To work for relational justice becomes a moral imperative, although one that I am free to choose or reject. But to reject it leaves me, not to mention our world, impoverished.

This is a radical message indeed. It accepts the reality of globalisation and defines its opportunity. Future generations may well look back and see it as the giant leap for the beginning of the 21st century.


David HoldcroftDavid Holdcroft SJ is the former director of Jesuit Refugee Service Australia, currently completing his final year of Jesuit studies.

Topic tags: david holdcroft, pope benedict, Caritas in Veritate, globalisation, moon landing

 

 

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David, I, and our Social Justice Group in Newcastle would be interested to hear how you think Caritas in Veritate, and your analaysis, fits in with the Millinnenum Development Goals agreed to by 187 countries in 2000, and subsequent progrees on meeting those goals.
John L Hayes | 17 August 2009


"Caritas in Veritate seems to satisfy no one". True. So it is good to see Fr Holdcroft try to guide us through its dense and turgid language. But why is such guidance necessary? Why in this age of the Communications Revolution are so many Papal encyclicals indigestible - not just because of their content but because their prose is not clear precise and unambiguous.

What does Benedict XIV mean when he writes "It is not by isolation that man establishes his worth, but by placing himself in relation with others and with God."?

How many men (not to mention women & children)in this world of 6 billion have the opportunity "to place" themselves in relation with others. For most people it is accepting where they are and trying to do the best they can without hurting anyone around them. As for their relation with God? Only God knows what opportunities for a relationship with the Divinity have been given to individual human beings.

Papal encyclicals like Caritas in Veritate fail to satisfy me because their underlying Thomistic/Scholastic concepts do not help me cope with the reality of broken people trying to live happy and productive lives in a contrary world.
Uncle Pat | 17 August 2009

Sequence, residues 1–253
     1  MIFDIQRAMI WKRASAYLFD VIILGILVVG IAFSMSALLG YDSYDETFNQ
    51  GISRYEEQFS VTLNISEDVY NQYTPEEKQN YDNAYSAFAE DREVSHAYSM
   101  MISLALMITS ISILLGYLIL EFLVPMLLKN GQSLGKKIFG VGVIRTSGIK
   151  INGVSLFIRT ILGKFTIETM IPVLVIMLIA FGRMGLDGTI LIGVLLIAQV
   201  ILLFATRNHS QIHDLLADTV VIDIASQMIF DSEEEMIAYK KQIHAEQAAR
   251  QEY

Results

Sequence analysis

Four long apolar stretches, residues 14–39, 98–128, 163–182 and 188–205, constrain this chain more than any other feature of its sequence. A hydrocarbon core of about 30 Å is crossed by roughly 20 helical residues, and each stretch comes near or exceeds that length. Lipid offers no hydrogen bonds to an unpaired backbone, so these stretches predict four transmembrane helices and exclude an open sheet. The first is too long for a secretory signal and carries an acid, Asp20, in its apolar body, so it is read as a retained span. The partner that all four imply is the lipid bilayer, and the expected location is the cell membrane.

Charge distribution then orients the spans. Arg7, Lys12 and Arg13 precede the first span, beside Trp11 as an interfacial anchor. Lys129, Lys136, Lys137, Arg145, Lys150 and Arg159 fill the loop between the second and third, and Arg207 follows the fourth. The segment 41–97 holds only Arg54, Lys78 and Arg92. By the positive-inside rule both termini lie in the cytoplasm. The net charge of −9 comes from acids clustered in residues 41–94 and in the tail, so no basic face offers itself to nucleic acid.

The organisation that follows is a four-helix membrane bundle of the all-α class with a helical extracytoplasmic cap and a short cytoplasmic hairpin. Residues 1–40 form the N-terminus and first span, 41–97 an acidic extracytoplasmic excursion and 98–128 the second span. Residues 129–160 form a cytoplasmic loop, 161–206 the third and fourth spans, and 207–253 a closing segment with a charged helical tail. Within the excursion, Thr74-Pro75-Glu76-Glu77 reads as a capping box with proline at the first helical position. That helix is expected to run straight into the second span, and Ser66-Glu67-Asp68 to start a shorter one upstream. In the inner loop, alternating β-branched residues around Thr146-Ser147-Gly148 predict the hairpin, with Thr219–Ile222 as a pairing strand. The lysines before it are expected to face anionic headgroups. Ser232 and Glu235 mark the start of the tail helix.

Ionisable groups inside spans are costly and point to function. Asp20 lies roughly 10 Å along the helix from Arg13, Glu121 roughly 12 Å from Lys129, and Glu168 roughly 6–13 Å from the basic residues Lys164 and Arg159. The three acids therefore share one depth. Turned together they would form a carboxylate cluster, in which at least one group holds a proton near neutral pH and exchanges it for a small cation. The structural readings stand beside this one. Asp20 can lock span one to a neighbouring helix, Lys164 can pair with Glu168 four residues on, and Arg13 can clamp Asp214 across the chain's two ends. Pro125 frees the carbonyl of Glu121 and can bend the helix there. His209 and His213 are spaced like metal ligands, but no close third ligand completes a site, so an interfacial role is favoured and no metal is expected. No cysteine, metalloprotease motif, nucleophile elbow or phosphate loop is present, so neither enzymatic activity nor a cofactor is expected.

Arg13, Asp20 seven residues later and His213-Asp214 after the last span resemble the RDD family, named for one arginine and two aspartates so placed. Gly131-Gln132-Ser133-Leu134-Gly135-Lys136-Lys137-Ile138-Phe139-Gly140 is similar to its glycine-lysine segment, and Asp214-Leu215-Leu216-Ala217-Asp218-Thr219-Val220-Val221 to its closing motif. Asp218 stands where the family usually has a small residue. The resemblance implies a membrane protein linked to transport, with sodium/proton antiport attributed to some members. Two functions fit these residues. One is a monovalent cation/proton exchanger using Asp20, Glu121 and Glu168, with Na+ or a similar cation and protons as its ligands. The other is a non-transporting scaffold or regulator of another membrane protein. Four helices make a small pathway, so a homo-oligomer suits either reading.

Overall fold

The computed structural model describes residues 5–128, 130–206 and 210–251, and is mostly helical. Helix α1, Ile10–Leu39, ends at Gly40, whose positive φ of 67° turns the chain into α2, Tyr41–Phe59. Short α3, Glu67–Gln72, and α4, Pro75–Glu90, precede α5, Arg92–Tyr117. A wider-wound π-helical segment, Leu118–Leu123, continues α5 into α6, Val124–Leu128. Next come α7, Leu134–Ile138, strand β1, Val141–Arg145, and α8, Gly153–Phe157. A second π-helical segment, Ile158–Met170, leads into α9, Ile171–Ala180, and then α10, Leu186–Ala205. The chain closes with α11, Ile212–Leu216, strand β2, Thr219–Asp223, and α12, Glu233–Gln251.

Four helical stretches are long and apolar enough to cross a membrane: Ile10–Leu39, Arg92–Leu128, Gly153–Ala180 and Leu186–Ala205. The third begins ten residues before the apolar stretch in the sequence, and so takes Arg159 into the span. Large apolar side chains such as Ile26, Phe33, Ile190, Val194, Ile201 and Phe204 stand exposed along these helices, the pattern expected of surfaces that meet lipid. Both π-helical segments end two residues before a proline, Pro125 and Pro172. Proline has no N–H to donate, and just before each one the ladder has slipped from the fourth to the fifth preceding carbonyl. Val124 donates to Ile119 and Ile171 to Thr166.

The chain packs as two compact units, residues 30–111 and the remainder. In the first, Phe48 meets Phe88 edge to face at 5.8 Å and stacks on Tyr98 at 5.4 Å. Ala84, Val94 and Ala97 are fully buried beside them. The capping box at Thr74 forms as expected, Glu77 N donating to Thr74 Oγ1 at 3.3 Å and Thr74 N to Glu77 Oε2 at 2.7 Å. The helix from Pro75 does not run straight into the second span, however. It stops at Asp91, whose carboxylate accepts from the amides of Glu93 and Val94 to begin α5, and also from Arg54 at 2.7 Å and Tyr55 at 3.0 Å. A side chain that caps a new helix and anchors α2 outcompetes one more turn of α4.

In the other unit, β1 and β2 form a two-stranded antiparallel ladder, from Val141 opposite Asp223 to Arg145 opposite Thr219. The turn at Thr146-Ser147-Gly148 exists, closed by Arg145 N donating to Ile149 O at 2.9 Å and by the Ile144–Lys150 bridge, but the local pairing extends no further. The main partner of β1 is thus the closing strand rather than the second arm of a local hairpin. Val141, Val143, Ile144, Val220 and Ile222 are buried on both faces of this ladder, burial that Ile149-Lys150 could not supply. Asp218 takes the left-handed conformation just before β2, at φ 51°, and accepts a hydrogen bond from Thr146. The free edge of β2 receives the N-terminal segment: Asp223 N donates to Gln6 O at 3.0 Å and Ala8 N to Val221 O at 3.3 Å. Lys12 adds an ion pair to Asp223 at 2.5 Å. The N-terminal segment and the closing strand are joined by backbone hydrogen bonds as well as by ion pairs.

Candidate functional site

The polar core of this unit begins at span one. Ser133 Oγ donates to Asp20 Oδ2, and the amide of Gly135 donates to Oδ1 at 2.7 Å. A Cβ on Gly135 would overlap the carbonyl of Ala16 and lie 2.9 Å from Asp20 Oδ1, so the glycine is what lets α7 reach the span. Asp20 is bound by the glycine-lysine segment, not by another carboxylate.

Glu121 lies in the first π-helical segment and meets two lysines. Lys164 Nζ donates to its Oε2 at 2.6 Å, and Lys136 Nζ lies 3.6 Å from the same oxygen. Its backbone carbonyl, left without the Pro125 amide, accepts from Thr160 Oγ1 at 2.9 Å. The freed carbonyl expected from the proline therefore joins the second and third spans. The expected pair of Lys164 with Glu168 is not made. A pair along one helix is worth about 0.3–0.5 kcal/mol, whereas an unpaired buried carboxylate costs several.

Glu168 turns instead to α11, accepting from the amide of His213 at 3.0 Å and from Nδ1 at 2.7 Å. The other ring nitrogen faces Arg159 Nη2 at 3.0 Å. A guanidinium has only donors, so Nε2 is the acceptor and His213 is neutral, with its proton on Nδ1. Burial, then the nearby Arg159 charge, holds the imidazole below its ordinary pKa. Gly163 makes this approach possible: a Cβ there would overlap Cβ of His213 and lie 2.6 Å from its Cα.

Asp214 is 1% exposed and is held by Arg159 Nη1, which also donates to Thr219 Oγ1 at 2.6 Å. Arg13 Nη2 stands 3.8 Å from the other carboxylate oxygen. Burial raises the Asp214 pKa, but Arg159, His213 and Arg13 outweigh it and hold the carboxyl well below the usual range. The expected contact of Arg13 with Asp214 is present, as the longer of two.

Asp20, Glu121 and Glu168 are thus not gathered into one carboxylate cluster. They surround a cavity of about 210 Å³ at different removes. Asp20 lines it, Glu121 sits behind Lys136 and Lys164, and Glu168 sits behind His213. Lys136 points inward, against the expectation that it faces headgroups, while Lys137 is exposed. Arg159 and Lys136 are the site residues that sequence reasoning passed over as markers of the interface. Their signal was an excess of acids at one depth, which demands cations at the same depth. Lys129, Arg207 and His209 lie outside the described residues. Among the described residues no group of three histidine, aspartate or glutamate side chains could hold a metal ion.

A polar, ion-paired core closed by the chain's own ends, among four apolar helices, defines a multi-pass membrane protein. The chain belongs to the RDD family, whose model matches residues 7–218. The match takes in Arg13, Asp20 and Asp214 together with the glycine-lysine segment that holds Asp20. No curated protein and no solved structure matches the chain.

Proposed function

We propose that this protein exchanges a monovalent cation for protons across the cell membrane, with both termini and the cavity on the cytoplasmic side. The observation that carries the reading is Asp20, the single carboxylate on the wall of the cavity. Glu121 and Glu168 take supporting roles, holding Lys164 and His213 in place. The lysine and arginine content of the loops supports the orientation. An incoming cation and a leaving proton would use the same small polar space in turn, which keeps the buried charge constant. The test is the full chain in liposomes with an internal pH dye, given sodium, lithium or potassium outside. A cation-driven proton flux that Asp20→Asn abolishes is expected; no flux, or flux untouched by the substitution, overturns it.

A well written article David. It points out the obvious, an obvious we seem to keep forgetting. I wonder is the time coming when over-resourced people are going to discover that survival depends on a practical discovery of our identity: beings-in-relation? Practical discoveries can sometimes be painful.
Andrew | 17 August 2009


Thank you David. John-Paul 2 in a talk in Cardiff in 1983, to me and quite a number of others, said that it was 'heresy' to believe that you could gain salvation in isolation from the community of which you are a part. Pretty radical stuff. Benedict is globalising that, God bless him.
Eugene | 18 August 2009


This is a lovely and inspirational piece - reminding one also of the Lord's injunction to love thy neighbour as oneself, and the story of the Good Samaritan. Pope Benedict develops these familiar and fundamental moral precepts in:

'... the human creature is defined through interpersonal relations. The more authentically he or she lives these relations, the more his or her own personal identity matures. It is not by isolation that man establishes his worth, but by placing himself in relation with others and with God ... The same holds true for peoples as well.'

Thank you, David, for the clarity of your essay.
tony kevin | 18 August 2009


If 'the fact that more than half of the world remains in hunger, diminishes who I am, makes me less than who God intended me to be' then so too does the Church's opposition to the ordination of women diminish all Catholic males (ordained and non-ordained) and makes them less than what God intended them to be.
Ray Ham | 19 August 2009


We seem to have read Paul VI and John Paul II differently to one another David. To me, their anthropology centred on the person in community.
A couple of examples 1.Evangelii Nuntiandi's treatment of the social dimension of the Church's collective mission 2. Reconciliatio et Paenitentia's discorse on social sin.
None the less, the truth of our social nature and its implications is an important point that warrants the extensive - even laboured - treatment that Benedict gives it. It isn't new.
Sandie Cornish | 30 August 2009